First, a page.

The Winter of Discontent was not only the last straw it was something that hit everyone very hard, except the union barons. Refuse was not collected, the dead were not buried; these core functions of every government's domestic work were not being carried out. It took something so fundamental and so shocking to wake people up to reality. Even then, the incoming Conservative administration only secured about 44% of votes cast and had a majority in the House of Commons of just 43 seats.

It takes something drastic to drive home the message that the incumbent government has got it very badly wrong and a big change is needed. In Greece there are protests in the streets about the prospect of government reducing its spending. Apart from the usual rag-bag of agitators the protesters appear to be people genuinely afraid that their standard of living will be affected adversely if they no longer receive the benefit of their government spending money it doesn't have. That is a perfectly valid position for them to take because no one wants to suffer a fall in prosperity. It is all very well me looking on from afar and saying the money they received was never affordable by their government, that is no comfort when they have bills to pay and are far more interested in their own well-being than in airy-fairy macro-economics.

People make plans and take on long-term commitments in the expectation that they will not get poorer. It is probably fair to say they also expect to get richer as they get older, but I believe expectations in that regard are generally modest. Certainly people expect pay rises because there is always some inflation and they expect their wage packet to recognise this and maintain the real value of their earnings. Some, perhaps most, will truly expect to get richer if they are in fields of work where they are able to develop skills and experience that make them more valuable to their employers. Whether or not someone hopes to get richer to any significant degree, no one hopes to get poorer over time. Faced with one party saying "sorry chaps, you will have to be poorer" and another saying "we will maintain your income" it doesn't take a genius to work out which is likely to find greater favour through the ballot box.

The difficulty comes when incomes have increased beyond what is affordable. At some stage the overspend will have to be eliminated unless one wishes to be in the position now faced by Greece. By that time, however, the overspend has occurred, usually for many years, with the result that real people have received salaries and taken on financial commitments in the expectation of continued employment at the same level. Had the overspend never occurred they would not have received that money and would not have planned their future in the expectation of receiving it. Once it has occurred the game changes. Then they have a direct personal interest in the overspend continuing. Their whole way of life might be in jeopardy if they vote for it to be eliminated even though they might realise that the current situation is unsustainable.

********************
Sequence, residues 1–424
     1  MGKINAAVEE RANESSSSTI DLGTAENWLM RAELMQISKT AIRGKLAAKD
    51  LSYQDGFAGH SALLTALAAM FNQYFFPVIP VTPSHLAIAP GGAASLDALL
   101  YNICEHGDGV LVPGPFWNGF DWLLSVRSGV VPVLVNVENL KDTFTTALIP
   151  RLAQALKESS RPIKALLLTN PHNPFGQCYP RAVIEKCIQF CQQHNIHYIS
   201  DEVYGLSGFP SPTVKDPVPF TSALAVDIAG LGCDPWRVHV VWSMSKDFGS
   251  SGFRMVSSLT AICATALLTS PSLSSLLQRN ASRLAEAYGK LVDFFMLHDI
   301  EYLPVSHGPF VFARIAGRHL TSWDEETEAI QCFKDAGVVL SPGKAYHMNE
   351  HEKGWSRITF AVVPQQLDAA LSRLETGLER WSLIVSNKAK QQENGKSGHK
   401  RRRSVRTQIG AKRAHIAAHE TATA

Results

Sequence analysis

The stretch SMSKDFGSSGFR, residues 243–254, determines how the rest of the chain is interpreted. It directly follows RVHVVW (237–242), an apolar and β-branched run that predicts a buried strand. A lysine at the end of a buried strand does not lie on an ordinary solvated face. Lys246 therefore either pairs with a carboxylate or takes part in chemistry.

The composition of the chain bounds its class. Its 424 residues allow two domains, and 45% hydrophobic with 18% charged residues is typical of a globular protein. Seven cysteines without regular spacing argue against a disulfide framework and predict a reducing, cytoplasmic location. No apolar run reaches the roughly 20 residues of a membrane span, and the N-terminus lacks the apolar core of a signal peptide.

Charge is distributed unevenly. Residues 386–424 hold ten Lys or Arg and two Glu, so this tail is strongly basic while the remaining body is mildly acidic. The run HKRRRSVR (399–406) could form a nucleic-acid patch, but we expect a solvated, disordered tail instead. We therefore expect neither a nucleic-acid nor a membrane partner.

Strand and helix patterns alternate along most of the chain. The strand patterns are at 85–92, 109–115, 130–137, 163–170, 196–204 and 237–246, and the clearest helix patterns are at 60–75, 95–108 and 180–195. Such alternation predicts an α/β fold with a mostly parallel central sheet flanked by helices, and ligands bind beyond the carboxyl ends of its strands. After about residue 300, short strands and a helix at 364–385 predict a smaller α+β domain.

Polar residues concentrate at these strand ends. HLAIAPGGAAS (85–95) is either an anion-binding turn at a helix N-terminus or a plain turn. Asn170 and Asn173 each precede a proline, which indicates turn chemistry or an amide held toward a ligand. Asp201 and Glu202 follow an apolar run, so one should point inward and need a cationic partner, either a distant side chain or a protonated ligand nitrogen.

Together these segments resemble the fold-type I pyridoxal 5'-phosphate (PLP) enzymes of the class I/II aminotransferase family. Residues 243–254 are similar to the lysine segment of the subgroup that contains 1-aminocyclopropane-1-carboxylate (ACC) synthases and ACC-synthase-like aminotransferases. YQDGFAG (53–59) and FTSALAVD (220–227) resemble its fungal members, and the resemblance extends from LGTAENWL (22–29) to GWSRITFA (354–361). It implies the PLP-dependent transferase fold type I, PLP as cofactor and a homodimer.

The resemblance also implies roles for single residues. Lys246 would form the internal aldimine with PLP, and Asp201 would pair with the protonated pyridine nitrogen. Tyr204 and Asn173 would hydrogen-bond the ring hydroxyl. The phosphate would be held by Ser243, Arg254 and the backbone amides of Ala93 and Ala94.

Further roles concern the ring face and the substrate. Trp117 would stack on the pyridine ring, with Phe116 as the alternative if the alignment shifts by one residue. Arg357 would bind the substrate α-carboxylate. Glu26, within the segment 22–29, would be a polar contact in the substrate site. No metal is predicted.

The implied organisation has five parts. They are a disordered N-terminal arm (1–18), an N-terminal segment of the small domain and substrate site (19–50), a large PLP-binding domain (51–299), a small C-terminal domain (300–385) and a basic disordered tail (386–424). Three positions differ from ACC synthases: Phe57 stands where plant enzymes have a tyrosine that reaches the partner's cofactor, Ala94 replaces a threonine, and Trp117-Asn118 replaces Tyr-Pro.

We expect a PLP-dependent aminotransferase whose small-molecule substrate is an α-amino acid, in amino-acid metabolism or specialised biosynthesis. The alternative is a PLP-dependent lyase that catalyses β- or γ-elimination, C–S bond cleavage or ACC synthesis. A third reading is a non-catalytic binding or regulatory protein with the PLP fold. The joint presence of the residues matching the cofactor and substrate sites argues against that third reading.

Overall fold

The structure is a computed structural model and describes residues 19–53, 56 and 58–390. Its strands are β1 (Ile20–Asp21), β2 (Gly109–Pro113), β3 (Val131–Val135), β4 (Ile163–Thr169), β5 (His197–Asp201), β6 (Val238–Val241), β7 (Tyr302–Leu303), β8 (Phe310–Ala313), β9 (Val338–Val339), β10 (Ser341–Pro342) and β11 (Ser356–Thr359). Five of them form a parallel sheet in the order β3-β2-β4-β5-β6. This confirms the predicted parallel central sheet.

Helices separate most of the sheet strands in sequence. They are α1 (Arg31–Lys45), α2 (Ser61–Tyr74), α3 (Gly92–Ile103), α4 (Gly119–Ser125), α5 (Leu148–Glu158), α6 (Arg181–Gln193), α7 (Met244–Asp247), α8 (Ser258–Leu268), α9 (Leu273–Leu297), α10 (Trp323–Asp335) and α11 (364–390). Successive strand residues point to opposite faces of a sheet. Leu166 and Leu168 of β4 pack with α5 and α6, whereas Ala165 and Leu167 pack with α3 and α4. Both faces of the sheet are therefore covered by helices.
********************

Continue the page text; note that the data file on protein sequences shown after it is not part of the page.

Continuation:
It is objectively bizarre that the Conservatives and Liberal Democrats are not saying "Labour has bankrupted the country by spending too much, we need to slash expenditure severely". Everyone knows that is true but the objective truth cannot mask the fact that millions of people with the right to use a stubby pencil on the 6th of May benefit from the overspend. Appealing to them about the need for retrenchment for the future health of the economy cuts no ice if it means they lose their jobs or face a reduction in income. At least it cuts no ice for so long as there is a major party in the election giving them hope that they will not suffer in that way.

We might be just weeks away from following Greece's example and having to seek financial assistance. Whether we are or not, the scale of the problem is not apparent to enough of the great voting public for it to persuade them to vote for a strategic change of economic policy. Were we to face a full-blown crisis after the election responsibility for the necessary reduction in public spending will be laid at the door of the lender coming to our rescue. None of the three major parties could afford to lay the blame anywhere else because none of them is putting the truth before the electorate now. They think, perhaps correctly, that the truth will harm their chances of success on the 6th of May.

What a terribly indictment it is that telling the truth about something of such huge importance can hamper a party's chance of election, but it will always be thus once money is in pay packets because most people will be more interested in their personal position rather than the wider public interest. Our current situation is a classic illustration of why it is so important for government to rule in the national interest rather than just trying to buy votes. No, I don't pretend that is likely to happen in my lifetime, but you can't stop me dreaming.

Sunday, 25 April 2010

Recycling and the balance of power

Were I to take up the patio at FatBigot Towers and lay a new one I would have to dispose of the old paving slabs and incedental detritus. It's not the sort of thing you can put in the dustbin so I would have to hire someone specifically for the task. There are lots of such people around, for a few quid they will take just about anything. I have used them a few times over the years.